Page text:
The People’s EV debuts with up to 250 miles of range and rear- or all-wheel drive.
After a long march toward electrification, Volkswagen finally revealed the 2021 ID.4 crossover, the first long-range EV from the brand. Taking a page from the ID.3 hatchback, the VW ID.4 rides atop the company’s MEB platform and arrives to do battle with the Hyundai Kona EV, Nissan Leaf e+ and Kia Niro EV in the electric crossover segment. Launching in the first quarter of 2021, it can’t get here soon enough.
This isn’t the first EV x VW effort as the e-Golf gave the world a glimpse at Volkswagen’s all-electric aspirations, but it only offered a 125-mile range. The ID.4, on the other hand, promises up to 250 miles per charge, as well as available all-wheel drive (each of the aforementioned EV rivals are front-drive only).
EV Range: Big Battery, Middling Distance
The 2021 ID.4 will come standard with an 82-kilowatt-hour battery, outstripping the Niro EV and Kona EV (64 kWh), Mustang Mach-E (75.7 kWh), and not-a-crossover Nissan Leaf e+ (62 kWh). However, the much larger battery pack doesn’t come with a longer estimated range. According to Volkswagen, the ID.4 will travel 250 miles before needing a charge, behind the Kona’s 258 miles – though still ahead of the Niro’s 239 miles, the base Mach-E’s 230 miles, and the Leaf’s 239 miles.
A rear-mounted electric motor producing 201 bhp (150 kilowatts) and 228 pound-feet (309 newton-metres) is competitive in this class of crossover EV, producing identical power to the Kona and Niro, but much less torque (the Korean cousins offer 291 lb-ft or 395 Nm).
The overtly sporty Mustang outdoes the Niro as well, boasting 255 bhp (190 kW) and 306 lb-ft (415 Nm). Even the Nissan Leaf outdoes the ID.4, at 214 bhp (160 kW) and 250 lb-ft (339 Nm). It asks the question: Where does the ID.4’s larger battery capacity end up, if not overall EV range or outright power?
Volkswagen ID.4Ford Mustang Mach-EHyundai Kona EVKia Niro EVNissan Leaf e+Battery Capacity 82 kWh 75.7 kWh 64 kWh 64 kWh 62 kWh Range 250 miles 230 miles 258 miles 239 miles 239 miles Base Power 201 bhp (150 kW) 255 bhp (190 kW) 201 bhp (150 kW) 201 bhp (150 kW) 214 bhp (160 kW) Base Torque 228 lb-ft (309 Nm) 306 lb-ft (415 Nm) 291 lb-ft (395 Nm) 291 lb-ft (395 Nm) 250 lb-ft (339 Nm)
All that said, the ID.4 should leave those front-drive competitors gasping once the its available two-motor setup arrives on the market a few months after the single-motor model. Adding a front-mounted electric motor enables EV all-wheel drive and boosts power to a stout 302 bhp (225 kW) – torque is still unconfirmed, but we’d bet on at least 325 lb-ft (441 Nm). It’s not clear if all-wheel drive will reduce overall range, but if Volkswagen can counteract the added weight of the additional motor with more efficient power delivery, it might be an even deal.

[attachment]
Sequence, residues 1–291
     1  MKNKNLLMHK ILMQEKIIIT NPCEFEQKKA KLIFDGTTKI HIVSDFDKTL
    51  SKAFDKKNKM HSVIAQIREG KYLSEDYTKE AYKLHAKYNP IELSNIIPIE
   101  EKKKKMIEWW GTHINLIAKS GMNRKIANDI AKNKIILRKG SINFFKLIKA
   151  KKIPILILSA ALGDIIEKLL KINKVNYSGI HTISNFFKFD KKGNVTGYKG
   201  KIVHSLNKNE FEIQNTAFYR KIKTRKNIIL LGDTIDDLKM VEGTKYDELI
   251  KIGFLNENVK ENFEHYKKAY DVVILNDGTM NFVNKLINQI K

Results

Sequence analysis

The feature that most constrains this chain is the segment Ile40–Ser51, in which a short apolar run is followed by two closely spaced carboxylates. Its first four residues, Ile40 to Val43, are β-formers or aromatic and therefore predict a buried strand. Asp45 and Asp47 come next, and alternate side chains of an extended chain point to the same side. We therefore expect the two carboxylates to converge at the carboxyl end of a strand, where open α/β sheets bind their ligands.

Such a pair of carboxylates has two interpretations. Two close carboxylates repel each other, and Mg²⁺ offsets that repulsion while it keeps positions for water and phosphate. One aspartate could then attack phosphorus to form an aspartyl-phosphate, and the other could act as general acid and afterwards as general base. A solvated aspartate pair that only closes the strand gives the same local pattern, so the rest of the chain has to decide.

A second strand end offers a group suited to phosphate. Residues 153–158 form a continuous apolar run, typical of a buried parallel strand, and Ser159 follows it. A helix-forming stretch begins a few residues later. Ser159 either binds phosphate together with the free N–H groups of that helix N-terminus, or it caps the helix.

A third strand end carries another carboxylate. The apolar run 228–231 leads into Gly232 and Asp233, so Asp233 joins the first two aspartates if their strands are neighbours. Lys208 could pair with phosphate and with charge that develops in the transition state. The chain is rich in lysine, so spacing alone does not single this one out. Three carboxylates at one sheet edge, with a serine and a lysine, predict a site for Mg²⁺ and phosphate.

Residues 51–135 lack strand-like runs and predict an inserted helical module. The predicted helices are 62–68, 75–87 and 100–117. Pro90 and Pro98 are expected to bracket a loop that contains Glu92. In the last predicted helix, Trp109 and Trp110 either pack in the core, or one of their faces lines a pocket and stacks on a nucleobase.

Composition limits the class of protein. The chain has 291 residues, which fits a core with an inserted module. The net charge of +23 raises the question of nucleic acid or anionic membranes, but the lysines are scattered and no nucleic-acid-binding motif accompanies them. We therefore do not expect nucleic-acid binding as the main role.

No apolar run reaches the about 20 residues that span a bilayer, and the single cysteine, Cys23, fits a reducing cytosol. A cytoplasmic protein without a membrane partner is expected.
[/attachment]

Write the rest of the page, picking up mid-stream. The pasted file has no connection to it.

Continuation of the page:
No European charging programme has been announced yet. However, in the US ID.4 shoppers will be offered three years of unlimited charging at Electrify America stations nationwide. Volkswagen announced the program just a few days before debuting the ID.4, giving original owners or lessees of the car a nearly zero-cost way to juice up. Electrify America will still charge idle fees if the VW isn’t disconnected within 10 minutes of finishing charging, and the benefit doesn’t extend to commercial customers, including rideshare operators. Still, for the average consumer, three years of free charging are a compelling perk.
Exterior: Smiles And Style
Winning further points for the 2021 Volkswagen ID.4 is its smart, attractive styling. With friendly and approachable curves that bely the rest of VW’s somewhat aggressive lineup, the ID.4 looks more in line with the company’s historic Beetle, Bus, and Karmann Ghia models. Of course, squinting head- and taillights look appropriately modern, particularly with their attractive LED-ringed accents and full-width front and rear light bars.
With no front grille to speak of save a bumper-mounted cooling intake, the front end is sleek and crisp, avoiding either the pitfalls of a faux radiator opening or a massive, blank-faced stare. The headlight internals are intricately designed, with a glowering projector covered in geometric LED textures. Adding a bit more visual pop to the front end is an illuminated VW logo on models equipped with upgraded trim packages.
The side profile’s softly curved shoulder line adds a bit more retro flavour to the VW ID.4, although crossover-chic black plastic rocker panels and wheel arches ruin the clean design somewhat with faux-ruggedness. Adding some charm back are white contrasting roof accents (paired with a blackout-painted roof) that makes the upright SUV look lower and sleeker – and a bit more like a Beetle, if you squint.